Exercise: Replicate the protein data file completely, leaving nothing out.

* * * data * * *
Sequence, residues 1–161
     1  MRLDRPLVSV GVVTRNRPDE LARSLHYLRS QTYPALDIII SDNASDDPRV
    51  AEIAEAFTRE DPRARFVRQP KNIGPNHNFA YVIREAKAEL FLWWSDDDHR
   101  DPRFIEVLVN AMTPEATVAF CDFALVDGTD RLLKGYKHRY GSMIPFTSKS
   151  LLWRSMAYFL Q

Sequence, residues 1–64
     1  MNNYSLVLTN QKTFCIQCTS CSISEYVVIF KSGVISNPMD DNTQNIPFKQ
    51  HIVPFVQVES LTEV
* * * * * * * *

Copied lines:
Sequence, residues 1–161
     1  MRLDRPLVSV GVVTRNRPDE LARSLHYLRS QTYPALDIII SDNASDDPRV
    51  AEIAEAFTRE DPRARFVRQP KNIGPNHNFA YVIREAKAEL FLWWSDDDHR
   101  DPRFIEVLVN AMTPEATVAF CDFALVDGTD RLLKGYKHRY GSMIPFTSKS
   151  LLWRSMAYFL Q

Sequence, residues 1–64
     1  MNNYSLVLTN QKTFCIQCTS CSISEYVVIF KSGVISNPMD DNTQNIPFKQ
    51  HIVPFVQVES LTEV